Major Effort in Works To Improve Recall Completion Rates | Edmunds

Major Effort in Works To Improve Recall Completion Rates

WASHINGTON — Federal safety regulators, dealers and automakers are working together to boost recall completion rates, in part through a better understanding of what happens when vehicle owners get a recall notice.

The National Highway Traffic Safety Administration on Tuesday hosted its "Retooling Recalls" event, a one-day workshop that examined how to increase "unacceptably low recall completion rates."

Federal safety regulators are calling for more customer and dealer outreach, speedier parts availability and greater collaboration among regulators, suppliers and automakers.

"Recalls are only successful and can only save lives if they end up getting the cars fixed, but we know that 20 percent of vehicles that are recalled — possibly more than that — go unrepaired," said Transportation Secretary Anthony Foxx. "This is a safety risk to the drivers of those vehicles and all the people they share the road with, too."

NHTSA marked a record year in 2014, with the highest number of vehicle recalls in more than 30 years. There were 803 vehicle recalls involving 63.9 million vehicles, including high-profile recalls of vehicles equipped with defective Takata airbags.

The Alliance of Automobile Manufacturers announced on Tuesday that it is kicking off a major research effort to improve recall completion rates through a better understanding of the actions of vehicle owners upon receiving a recall notice.

"We want every consumer who gets a recall notice to take his or her vehicle to be repaired," said Mitch Bainwol, president and CEO of the trade association. "It's important for us to fully understand what the critical first step is to motivate more people to bring in their vehicles for service.

"We know that vehicle age seems to be an important factor, but little research has been conducted on consumer attitudes to recalls. We can only speculate on why consumers who receive multiple notices do not repair their vehicles for free, so learning more about consumer perspectives is imperative to increasing the effectiveness of the program."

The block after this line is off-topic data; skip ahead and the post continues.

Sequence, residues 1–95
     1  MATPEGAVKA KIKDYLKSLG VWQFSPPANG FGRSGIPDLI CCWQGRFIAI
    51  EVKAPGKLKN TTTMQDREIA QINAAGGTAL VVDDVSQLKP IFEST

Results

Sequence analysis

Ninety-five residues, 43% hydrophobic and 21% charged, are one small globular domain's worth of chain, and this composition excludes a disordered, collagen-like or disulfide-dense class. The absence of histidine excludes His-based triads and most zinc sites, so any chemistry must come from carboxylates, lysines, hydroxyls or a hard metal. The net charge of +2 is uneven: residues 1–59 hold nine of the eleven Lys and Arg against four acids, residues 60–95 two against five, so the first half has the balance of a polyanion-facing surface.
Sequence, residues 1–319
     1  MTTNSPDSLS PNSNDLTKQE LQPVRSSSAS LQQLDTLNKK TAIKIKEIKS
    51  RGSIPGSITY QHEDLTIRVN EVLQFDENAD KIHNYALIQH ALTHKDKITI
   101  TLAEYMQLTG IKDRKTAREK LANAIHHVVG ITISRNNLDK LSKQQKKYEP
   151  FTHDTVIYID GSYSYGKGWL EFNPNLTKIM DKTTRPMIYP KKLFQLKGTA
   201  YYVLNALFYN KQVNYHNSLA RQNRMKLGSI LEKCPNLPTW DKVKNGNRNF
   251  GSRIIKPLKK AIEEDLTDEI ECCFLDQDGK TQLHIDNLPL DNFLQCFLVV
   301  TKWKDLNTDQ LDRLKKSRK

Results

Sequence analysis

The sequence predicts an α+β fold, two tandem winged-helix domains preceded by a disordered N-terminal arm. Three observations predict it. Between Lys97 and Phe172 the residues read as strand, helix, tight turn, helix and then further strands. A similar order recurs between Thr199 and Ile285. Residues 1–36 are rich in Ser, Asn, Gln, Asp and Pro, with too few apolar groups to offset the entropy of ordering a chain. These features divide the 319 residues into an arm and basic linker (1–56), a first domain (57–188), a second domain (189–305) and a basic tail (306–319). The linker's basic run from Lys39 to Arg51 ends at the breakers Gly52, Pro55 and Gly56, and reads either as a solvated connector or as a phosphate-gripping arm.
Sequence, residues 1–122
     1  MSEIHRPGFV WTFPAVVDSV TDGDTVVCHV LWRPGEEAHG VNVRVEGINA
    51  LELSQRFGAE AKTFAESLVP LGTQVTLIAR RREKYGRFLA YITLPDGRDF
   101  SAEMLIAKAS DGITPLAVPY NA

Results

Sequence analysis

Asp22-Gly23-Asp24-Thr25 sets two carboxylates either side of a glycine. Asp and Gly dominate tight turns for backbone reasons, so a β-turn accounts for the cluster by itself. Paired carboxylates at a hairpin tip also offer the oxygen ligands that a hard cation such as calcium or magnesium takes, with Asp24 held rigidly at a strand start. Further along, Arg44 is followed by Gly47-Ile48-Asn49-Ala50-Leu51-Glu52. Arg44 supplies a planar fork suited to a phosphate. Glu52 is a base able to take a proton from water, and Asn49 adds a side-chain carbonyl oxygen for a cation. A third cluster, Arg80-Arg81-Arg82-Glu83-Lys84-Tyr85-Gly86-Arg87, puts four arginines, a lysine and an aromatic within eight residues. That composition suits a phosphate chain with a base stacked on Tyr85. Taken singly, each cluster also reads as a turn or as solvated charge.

Results of the research are expected by this summer.

American Honda on Tuesday said it recently surveyed more than 7,000 customers affected by the Takata airbag recall to better understand why they did not respond to the recall notice.

The automaker said it verified that 92 percent of the addresses were correct, yet, only 75 percent acknowledged receiving the mailing.

Incredibly, 50 percent of affected consumers declined Honda's offer to set up a dealership service appointment to complete the repair.

Honda has asked its dealers to expand service hours to complete recall repairs and to never turn away a customer with an affected vehicle. In February, it initiated a new report that alerts dealers whenever their staff fails to check a vehicle identification number for an open recall.

NHTSA Administrator Mark Rosekind will travel to Detroit on Wednesday to continue the safety discussions with auto executives.

Edmunds says: The goal here is to achieve 100 percent recall completion rates. Consumers can help by scheduling service appointments with their dealer as soon as they receive a recall notice.

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